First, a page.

By Greg Chertok, Director of Mental Training at CourtSense, a high performance junior tennis academy in Bergen County, NJ, as well as private consultant with Telos Sport Psychology in the greater NY area. Greg has a Masters of Education in Counseling/Sport Psychology from Boston University and is a certified consultant with the Association for Applied Sport Psychology. He has worked with athletes from the junior to Olympic level.
In the context of sports, if one expects a certain result, the athlete may be underwhelmed in response to it being achieved (“Hey, I expected to run this time, I was supposed to do it, nothing surprising here”) and completely demoralized in response to it not being achieved (“I can’t believe I didn’t do it…I never thought this would happen, what’s wrong with me?”). An athlete with outcome-oriented expectations has no opportunity to enjoy that youthful exuberance that accompanies success – an exuberance, I contend, that’s a prerequisite for maintaining motivation in sport – and may not fully appreciate that success.
But aren’t some expectations helpful? Can’t we expect, for instance, to be properly energized for a race, to adopt a positive and relaxed attitude three minutes before the meet, or to maintain our focus mid-way through the race if passed by an opponent? Well, these factors are personal, process-oriented, and lie within the power of our own control. If we recognize that focusing on such factors are the ingredients to success, and we develop strategies and purposefully set goals to commit to these factors, then yes, we certainly may set expectations. “In tomorrow’s meet, I expect to stay focused on my running rather than on everything else going on and expect to push myself to maximum intensity after the third lap. To ensure this happens, I’ll leave reminders in my gym bag, read my mental notes on the bus ride there, and spend 3 minutes pre-race creating that mental image of what my perfect race feels like.” A concrete plan, a few strategies…why not expect that which you’re planning on working hard to accomplish?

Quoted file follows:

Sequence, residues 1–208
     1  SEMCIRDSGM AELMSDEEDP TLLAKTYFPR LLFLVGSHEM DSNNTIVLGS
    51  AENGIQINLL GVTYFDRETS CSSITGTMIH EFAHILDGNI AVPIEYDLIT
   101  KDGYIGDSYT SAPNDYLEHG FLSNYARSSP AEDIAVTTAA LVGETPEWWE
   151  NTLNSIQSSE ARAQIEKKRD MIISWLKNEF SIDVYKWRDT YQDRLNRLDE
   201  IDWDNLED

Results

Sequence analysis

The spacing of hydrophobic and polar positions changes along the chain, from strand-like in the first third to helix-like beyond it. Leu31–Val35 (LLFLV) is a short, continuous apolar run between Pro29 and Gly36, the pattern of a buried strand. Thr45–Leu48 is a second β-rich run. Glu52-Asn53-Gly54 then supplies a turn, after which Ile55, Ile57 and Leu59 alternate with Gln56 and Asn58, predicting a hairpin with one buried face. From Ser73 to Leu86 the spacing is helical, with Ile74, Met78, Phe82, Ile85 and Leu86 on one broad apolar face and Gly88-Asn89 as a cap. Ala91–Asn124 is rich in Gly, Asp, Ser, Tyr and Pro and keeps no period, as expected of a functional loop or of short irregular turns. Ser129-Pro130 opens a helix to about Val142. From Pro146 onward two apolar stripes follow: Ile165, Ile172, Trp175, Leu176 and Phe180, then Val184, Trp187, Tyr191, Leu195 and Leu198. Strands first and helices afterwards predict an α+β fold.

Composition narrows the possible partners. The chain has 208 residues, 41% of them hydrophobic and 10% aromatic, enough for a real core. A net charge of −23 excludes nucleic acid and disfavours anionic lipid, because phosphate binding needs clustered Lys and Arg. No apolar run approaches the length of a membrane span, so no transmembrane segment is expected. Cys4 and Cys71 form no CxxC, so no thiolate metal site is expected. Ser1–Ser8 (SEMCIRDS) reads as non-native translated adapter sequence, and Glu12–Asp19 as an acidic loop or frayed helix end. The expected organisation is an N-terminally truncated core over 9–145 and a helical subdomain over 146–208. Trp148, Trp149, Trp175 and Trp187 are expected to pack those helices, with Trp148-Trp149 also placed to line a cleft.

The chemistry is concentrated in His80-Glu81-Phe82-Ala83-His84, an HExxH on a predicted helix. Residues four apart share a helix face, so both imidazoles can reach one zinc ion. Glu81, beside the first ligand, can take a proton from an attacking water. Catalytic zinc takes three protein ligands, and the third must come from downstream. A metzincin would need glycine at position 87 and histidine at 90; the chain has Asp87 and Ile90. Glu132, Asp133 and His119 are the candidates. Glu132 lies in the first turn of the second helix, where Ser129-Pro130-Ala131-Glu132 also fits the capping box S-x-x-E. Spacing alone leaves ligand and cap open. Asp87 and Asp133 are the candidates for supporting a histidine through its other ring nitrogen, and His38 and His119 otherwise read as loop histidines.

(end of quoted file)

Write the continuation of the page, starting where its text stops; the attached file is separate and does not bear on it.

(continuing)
I say above we MAY set expectations because, as is typically the case in sport, it ultimately depends on the athlete. For runner #1 who expects to run with a certain intensity level (“I really should push it hard tomorrow”), doing so may produce unnecessary pre-competition pressure, muscular tension, and an excess of unhelpful mental chatter. For runner #2 who expects to run with a certain intensity level (“I really should push it hard tomorrow”), doing so may act as fuel, increasing motivation and focus levels and pump him up beyond belief. We’re all idiosyncratic, and that makes the field of sport psychology so addictively challenging.
Leave behind expectations that are result-driven, as it’s something we very seldom have full control over. Focus on the process, develop a plan for how you’ll achieve those process goals, and, whether or not expectations are set, allow yourself to be appreciative and gratified once they’re accomplished.